Teacher Jeanne McLaren and parent Lisa Hammonds interviewed on The Morning Show with Shelley Irwin.
Arrowsmith and Jeanne McLaren were the GRCC Classroom of the Week on the Fox 17 Morning News on Friday, May 13, 2016. Watch this 45 second video to find out how the academic lives of students have improved from being in the Arrowsmith classroom. Watch Now.
Arrowsmith Supply List 2016-17 (32 KB, PDF)
The Arrowsmith Program is a cognitive program for students with learning disabilities. Based on neuroscience research, the program addresses learning disabilities by identifying and strengthening weak cognitive capacities.
Most programs for students with learning disabilities focus on teaching compensatory skills or strategies, or makes changes in content to be mastered. Instead the Arrowsmith Program focuses on rebuilding the learning capacity of the student by repairing or creating new pathways in the brain. Think stroke victims who re-learned to walk, feed themselves, or even talk again by building new connections in their brains. Medicine and science are telling us that it is never too late for the brain!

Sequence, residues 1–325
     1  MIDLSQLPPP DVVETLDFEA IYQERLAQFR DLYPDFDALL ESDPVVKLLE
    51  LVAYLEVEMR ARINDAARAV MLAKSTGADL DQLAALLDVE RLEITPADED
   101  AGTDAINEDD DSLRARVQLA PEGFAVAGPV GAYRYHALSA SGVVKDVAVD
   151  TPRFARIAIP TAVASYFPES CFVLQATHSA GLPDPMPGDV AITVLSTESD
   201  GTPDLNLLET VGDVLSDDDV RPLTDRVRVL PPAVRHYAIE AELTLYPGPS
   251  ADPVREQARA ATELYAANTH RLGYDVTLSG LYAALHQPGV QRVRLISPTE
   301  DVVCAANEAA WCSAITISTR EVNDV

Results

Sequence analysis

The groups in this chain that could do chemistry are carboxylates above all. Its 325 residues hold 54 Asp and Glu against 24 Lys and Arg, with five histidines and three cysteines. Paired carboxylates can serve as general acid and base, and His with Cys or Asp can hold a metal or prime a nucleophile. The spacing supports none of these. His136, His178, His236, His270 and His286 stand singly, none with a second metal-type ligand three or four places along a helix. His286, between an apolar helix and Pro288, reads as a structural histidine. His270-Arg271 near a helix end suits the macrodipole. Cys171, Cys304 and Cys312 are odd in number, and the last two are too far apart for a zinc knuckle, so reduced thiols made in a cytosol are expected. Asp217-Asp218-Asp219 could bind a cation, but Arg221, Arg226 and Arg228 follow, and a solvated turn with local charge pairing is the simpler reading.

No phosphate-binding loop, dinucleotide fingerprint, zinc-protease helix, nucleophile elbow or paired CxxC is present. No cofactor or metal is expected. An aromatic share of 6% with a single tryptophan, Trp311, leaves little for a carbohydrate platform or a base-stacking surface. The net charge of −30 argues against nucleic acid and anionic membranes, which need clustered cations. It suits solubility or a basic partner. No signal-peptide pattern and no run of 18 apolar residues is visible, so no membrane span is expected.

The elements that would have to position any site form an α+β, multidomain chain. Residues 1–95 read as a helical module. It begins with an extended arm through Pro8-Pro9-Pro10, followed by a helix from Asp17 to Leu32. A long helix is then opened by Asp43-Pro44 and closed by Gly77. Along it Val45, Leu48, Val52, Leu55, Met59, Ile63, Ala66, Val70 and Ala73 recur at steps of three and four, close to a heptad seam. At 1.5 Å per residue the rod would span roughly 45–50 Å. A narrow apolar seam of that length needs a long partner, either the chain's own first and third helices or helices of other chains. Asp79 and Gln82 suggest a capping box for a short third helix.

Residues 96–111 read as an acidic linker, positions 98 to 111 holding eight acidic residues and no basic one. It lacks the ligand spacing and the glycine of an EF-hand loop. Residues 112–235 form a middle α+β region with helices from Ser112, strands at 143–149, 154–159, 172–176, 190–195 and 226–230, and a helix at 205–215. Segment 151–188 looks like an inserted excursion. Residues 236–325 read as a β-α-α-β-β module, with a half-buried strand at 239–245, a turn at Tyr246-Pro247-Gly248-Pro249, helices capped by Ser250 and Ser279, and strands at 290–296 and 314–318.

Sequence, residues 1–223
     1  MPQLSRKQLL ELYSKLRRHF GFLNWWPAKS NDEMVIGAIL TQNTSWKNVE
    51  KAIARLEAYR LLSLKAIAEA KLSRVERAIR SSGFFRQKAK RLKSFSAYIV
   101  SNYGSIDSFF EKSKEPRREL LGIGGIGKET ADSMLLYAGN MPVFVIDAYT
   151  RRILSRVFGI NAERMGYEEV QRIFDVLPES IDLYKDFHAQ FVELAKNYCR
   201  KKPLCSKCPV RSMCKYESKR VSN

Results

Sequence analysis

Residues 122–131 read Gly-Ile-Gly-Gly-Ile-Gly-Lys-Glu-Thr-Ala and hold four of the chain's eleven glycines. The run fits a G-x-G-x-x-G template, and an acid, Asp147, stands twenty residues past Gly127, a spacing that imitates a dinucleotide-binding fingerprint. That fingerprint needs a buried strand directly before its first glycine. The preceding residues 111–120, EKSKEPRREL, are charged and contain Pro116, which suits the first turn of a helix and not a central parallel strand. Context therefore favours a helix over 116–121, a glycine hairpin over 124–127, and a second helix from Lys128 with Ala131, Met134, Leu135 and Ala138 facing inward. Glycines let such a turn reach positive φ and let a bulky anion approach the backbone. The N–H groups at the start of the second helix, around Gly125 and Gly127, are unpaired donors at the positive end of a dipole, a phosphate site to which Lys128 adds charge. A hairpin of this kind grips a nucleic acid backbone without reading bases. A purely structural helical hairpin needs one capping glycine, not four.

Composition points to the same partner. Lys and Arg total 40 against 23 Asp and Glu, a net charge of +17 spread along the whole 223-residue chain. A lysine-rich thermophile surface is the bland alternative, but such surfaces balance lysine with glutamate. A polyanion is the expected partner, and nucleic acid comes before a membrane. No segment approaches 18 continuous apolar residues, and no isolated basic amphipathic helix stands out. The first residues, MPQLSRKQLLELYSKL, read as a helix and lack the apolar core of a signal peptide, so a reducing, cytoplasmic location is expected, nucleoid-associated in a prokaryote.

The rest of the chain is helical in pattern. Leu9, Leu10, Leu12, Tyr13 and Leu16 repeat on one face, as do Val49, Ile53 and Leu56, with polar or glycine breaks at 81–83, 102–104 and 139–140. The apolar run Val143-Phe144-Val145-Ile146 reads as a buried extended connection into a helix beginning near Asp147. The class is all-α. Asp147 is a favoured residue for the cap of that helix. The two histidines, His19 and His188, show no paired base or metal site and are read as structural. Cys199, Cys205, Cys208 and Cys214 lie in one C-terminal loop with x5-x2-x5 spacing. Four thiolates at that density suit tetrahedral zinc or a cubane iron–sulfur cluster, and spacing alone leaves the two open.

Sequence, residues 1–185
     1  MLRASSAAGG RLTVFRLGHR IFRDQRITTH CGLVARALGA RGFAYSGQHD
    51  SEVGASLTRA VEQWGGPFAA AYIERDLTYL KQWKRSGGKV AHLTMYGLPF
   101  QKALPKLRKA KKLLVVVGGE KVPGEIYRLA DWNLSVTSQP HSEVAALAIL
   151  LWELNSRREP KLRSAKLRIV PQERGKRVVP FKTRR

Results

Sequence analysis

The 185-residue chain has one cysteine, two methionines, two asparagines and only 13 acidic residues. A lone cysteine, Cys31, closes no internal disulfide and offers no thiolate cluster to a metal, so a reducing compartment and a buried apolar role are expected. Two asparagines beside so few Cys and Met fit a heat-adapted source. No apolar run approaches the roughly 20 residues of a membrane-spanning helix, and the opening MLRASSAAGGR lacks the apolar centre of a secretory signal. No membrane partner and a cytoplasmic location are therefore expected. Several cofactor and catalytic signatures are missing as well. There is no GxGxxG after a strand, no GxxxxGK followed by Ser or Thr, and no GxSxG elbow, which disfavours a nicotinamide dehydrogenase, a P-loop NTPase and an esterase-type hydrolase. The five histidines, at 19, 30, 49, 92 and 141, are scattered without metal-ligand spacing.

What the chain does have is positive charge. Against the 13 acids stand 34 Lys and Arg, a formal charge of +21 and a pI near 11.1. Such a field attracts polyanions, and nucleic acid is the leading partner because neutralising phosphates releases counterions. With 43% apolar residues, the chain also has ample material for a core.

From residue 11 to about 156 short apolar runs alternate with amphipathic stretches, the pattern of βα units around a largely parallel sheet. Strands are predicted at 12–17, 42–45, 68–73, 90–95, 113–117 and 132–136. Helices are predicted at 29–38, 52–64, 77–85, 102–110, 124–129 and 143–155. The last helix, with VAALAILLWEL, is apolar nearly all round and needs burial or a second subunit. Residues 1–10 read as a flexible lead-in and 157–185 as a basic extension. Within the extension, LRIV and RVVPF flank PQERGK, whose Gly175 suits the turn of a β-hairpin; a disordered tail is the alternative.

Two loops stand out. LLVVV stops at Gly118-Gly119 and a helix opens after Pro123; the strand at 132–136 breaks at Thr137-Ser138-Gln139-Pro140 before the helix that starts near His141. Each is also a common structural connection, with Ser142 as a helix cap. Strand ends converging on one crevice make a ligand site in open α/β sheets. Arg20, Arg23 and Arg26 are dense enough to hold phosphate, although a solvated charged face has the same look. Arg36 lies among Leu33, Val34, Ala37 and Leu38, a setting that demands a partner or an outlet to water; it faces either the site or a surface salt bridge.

Nineteen areas of cognitive weaknesses have been identified by Arrowsmith research. Extensive testing identifies those cognitive functions causing the learning dysfunctions of our students. A personal learning plan of exercises is built to stimulate and rebuild the weak areas. Strengthening these weak cognitive capacities enables our students to become more effective learners. Our students no longer need to compensate for their learning disabilities. Strengthening these weak areas also enables our students to become more confident and self-directed.
Being in Arrowsmith is hard work! Most of our students are of average or above average intelligence, yet have struggled with even the simplest learning processes. Self-confidence plummets. Dyslexia, an umbrella term which covers reading difficulties, is affected by four cognitive areas, each of which contributes to a student’s struggle or success with reading, spelling, or writing. Large amounts of time in concentrated daily effort for three or four years are required to build the new processes needed to change his/her brain. That requires a truly motivated student.
If you have any additional questions, please call the school office – 616-243-8998.